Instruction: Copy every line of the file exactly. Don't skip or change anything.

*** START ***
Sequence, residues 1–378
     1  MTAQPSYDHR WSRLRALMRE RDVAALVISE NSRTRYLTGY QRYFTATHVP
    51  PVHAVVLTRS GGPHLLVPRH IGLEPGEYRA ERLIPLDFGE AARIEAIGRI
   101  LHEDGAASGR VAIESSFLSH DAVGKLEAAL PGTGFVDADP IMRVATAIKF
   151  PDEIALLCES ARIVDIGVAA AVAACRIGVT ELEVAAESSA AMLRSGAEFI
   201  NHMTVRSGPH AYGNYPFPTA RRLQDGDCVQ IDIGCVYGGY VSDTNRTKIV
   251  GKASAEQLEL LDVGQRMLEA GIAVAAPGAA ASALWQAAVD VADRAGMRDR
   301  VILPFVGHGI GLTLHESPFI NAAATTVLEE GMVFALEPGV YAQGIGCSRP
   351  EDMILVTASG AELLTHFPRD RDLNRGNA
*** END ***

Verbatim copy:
Sequence, residues 1–378
     1  MTAQPSYDHR WSRLRALMRE RDVAALVISE NSRTRYLTGY QRYFTATHVP
    51  PVHAVVLTRS GGPHLLVPRH IGLEPGEYRA ERLIPLDFGE AARIEAIGRI
   101  LHEDGAASGR VAIESSFLSH DAVGKLEAAL PGTGFVDADP IMRVATAIKF
   151  PDEIALLCES ARIVDIGVAA AVAACRIGVT ELEVAAESSA AMLRSGAEFI
   201  NHMTVRSGPH AYGNYPFPTA RRLQDGDCVQ IDIGCVYGGY VSDTNRTKIV
   251  GKASAEQLEL LDVGQRMLEA GIAVAAPGAA ASALWQAAVD VADRAGMRDR
   301  VILPFVGHGI GLTLHESPFI NAAATTVLEE GMVFALEPGV YAQGIGCSRP
   351  EDMILVTASG AELLTHFPRD RDLNRGNA